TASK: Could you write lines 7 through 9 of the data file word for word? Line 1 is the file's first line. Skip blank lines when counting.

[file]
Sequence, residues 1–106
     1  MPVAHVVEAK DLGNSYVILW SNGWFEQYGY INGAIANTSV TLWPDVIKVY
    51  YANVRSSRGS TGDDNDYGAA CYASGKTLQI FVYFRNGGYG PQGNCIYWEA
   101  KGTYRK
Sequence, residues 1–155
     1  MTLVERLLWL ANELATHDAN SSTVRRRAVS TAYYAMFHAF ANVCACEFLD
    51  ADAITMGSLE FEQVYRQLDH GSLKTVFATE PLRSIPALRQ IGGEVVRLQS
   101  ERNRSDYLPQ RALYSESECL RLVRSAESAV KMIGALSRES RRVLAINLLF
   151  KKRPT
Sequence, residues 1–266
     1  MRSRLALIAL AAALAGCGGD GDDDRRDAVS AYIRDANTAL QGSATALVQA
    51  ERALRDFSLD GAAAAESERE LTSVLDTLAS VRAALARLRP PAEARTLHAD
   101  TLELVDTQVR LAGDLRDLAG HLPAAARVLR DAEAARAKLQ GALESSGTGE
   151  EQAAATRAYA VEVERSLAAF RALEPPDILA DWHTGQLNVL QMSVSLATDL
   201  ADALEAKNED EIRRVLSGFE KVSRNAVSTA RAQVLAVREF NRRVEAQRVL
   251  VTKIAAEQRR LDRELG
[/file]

    51  ADAITMGSLE FEQVYRQLDH GSLKTVFATE PLRSIPALRQ IGGEVVRLQS
   101  ERNRSDYLPQ RALYSESECL RLVRSAESAV KMIGALSRES RRVLAINLLF
   151  KKRPT